Say I have a bulk FCC Pt structure obtained from Materials Project with a lattice constant a = 3.94 Å. I first did DFT to relax the bulk structure, and the optimized lattice constant becomes for example a = 3.80 Å. Then I cut it to obtain a 5-layer Pt(111) surface slab and again relaxed it using DFT. Now I have a Pt(111) surface slab with both lattice parameters and atomic positions slightly perturbed from the reference surface that one can obtain by directly cutting the bulk structure from Materials Project without any relaxation.

My question is: how can I apply a transformation directly to the perturbed surface slab, so that the cell and all atomic positions are exactly corresponding to the reference bulk Pt with a = 3.94 Å? Note that building a new surface from scratch is not an option, because the perturbed surface slab may already involve a lot of user-postprocessing (e.g. expanding/transforming cell, adding vacuum layer, cutting termination, etc) and I want to apply the transformation while keeping these postprocessing. I would like a general solution that works for all types of crystal structures, not just for FCC. Any suggestions or ideas are welcome.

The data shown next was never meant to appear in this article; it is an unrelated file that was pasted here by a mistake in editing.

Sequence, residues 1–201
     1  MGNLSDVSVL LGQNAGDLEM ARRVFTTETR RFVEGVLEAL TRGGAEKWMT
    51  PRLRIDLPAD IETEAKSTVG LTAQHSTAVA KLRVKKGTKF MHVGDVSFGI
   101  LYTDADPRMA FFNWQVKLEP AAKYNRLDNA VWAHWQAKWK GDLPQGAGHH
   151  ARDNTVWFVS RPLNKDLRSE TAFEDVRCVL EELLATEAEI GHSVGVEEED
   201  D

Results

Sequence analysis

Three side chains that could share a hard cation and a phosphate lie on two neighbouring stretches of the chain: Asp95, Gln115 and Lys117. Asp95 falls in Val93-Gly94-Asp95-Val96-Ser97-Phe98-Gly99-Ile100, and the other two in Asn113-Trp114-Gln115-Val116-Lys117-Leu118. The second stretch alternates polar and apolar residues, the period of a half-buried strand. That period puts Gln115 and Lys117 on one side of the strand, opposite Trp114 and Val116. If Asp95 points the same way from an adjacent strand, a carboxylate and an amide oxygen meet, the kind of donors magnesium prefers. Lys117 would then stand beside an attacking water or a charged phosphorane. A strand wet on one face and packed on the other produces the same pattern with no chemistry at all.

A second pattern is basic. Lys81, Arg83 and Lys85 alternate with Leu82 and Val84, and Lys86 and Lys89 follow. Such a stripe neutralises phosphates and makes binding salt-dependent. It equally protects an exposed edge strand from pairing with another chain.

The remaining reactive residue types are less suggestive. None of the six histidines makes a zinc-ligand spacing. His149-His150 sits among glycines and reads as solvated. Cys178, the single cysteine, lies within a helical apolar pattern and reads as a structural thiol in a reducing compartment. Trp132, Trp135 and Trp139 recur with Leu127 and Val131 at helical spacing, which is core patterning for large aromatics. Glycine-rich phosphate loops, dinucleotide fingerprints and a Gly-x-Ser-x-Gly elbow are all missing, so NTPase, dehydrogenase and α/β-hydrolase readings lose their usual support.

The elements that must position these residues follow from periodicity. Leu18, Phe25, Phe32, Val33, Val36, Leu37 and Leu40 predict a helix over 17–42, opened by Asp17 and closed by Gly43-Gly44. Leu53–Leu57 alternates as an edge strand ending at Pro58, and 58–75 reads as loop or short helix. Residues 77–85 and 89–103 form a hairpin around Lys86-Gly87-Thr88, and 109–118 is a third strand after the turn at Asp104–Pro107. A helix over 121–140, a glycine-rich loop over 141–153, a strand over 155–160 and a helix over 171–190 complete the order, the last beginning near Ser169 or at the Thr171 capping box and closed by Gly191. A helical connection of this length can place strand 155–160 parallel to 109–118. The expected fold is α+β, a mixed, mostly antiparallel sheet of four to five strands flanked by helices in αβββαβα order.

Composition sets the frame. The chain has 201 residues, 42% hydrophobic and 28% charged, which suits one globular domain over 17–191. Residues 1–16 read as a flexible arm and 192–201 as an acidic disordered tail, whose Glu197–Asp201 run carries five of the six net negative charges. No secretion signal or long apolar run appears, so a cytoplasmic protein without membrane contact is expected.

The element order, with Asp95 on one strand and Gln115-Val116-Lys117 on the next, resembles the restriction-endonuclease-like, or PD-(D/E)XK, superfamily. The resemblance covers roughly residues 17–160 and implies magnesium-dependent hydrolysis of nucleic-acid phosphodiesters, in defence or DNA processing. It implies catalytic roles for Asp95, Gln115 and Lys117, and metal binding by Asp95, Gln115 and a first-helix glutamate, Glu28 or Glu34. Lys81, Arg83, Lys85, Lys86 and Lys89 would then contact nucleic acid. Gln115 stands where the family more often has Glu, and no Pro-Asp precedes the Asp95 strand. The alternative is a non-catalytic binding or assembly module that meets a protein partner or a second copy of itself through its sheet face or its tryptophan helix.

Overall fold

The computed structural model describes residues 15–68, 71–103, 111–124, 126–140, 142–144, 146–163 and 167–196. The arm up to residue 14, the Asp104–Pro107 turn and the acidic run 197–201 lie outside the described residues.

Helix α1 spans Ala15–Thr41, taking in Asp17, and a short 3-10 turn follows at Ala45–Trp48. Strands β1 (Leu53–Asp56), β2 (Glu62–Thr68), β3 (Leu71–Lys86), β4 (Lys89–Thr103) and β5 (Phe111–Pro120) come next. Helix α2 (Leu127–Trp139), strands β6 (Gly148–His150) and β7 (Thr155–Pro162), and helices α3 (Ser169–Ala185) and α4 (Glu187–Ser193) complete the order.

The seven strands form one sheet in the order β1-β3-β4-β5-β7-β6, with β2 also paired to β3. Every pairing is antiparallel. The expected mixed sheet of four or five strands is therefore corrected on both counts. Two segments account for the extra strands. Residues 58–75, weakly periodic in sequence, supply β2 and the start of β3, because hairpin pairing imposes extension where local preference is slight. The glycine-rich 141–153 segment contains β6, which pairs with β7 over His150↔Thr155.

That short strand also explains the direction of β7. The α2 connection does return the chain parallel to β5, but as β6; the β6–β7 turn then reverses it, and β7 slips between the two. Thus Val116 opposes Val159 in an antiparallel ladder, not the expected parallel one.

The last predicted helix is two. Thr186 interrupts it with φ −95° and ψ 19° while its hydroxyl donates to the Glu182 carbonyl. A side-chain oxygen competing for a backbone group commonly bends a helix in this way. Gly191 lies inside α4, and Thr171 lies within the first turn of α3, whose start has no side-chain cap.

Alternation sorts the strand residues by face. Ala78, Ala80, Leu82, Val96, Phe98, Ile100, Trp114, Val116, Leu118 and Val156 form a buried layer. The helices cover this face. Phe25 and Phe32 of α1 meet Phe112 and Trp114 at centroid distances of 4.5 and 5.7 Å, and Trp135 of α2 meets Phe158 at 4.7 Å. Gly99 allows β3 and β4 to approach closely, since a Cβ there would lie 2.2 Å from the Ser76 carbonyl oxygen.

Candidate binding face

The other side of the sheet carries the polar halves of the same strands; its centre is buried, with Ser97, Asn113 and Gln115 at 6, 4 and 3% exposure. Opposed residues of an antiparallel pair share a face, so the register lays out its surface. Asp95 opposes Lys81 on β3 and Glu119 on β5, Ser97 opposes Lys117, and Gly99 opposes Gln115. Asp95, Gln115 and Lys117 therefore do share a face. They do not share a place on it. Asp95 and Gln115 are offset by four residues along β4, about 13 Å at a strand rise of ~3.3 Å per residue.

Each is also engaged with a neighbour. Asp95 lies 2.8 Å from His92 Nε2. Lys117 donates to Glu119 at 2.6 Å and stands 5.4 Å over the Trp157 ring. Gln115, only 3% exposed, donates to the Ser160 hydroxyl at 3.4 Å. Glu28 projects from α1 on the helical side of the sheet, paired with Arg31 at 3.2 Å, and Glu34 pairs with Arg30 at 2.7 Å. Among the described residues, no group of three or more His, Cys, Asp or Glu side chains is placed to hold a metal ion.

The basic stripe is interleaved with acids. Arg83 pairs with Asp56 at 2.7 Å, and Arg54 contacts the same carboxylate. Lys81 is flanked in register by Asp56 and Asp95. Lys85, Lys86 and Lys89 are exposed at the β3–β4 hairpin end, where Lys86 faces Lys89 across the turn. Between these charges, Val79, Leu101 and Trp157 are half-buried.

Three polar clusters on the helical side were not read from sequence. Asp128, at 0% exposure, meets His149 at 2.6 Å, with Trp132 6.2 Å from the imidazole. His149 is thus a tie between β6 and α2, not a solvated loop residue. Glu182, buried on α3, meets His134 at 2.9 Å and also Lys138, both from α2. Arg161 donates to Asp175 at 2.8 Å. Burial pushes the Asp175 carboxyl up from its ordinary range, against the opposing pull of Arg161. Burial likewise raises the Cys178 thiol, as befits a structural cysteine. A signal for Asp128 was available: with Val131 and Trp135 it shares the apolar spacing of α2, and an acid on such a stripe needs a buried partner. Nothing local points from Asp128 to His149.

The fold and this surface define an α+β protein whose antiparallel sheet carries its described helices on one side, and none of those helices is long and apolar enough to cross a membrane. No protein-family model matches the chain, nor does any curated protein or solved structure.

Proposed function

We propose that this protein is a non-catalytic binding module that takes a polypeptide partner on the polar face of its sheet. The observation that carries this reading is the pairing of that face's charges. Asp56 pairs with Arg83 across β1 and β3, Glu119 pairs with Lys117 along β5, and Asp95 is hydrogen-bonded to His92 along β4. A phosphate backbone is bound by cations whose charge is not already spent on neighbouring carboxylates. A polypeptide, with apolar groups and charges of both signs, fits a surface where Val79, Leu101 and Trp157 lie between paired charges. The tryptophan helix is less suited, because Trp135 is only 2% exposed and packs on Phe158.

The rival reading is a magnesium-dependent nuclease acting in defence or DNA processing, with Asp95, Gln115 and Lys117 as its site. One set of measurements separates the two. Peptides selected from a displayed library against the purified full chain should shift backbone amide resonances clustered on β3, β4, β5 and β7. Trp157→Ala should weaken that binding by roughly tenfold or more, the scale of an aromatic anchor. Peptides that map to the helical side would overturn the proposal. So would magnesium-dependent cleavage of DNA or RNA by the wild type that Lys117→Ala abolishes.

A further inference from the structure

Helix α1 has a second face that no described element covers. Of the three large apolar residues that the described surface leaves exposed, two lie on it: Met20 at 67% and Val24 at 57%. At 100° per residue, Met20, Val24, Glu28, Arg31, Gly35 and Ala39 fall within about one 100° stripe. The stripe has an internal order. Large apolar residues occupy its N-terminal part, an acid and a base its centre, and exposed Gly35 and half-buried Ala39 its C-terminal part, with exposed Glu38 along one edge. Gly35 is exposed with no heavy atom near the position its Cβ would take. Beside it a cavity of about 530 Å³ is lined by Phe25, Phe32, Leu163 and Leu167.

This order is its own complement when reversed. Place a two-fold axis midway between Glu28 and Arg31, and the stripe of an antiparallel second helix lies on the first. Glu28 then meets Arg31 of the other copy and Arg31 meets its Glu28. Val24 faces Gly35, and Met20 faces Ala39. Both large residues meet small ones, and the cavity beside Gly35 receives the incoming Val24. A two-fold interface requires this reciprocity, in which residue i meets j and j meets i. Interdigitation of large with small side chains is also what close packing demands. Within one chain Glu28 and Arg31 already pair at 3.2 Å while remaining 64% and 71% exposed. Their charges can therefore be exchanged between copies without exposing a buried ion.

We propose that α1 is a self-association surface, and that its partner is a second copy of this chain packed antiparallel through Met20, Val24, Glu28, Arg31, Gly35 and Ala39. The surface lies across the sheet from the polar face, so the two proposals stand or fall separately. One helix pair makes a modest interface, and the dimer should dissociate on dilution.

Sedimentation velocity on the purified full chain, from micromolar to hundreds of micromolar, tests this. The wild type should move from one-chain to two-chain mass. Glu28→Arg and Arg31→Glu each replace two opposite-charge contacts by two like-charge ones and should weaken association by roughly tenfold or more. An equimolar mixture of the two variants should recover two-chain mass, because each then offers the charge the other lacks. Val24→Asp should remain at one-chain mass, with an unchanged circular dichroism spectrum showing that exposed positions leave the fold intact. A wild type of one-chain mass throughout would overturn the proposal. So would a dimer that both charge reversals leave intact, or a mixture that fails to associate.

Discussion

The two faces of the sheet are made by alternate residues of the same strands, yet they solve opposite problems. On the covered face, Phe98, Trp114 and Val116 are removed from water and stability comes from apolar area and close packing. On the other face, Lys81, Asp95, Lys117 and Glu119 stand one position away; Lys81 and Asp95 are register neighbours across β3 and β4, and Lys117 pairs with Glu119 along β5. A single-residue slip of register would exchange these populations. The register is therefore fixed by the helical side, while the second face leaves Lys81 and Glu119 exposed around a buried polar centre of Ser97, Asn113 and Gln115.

Edit: my current idea is to develop an algorithm that can efficiently find a surface unit cell in the whole bulk lattice space that is the most similar to the perturbed surface unit cell (according to some topology-based similarity measure, any suggestion?). However, even though I know the orientation of the surface (i.e. the Miller index), there are still too many surface unit cells to search through.



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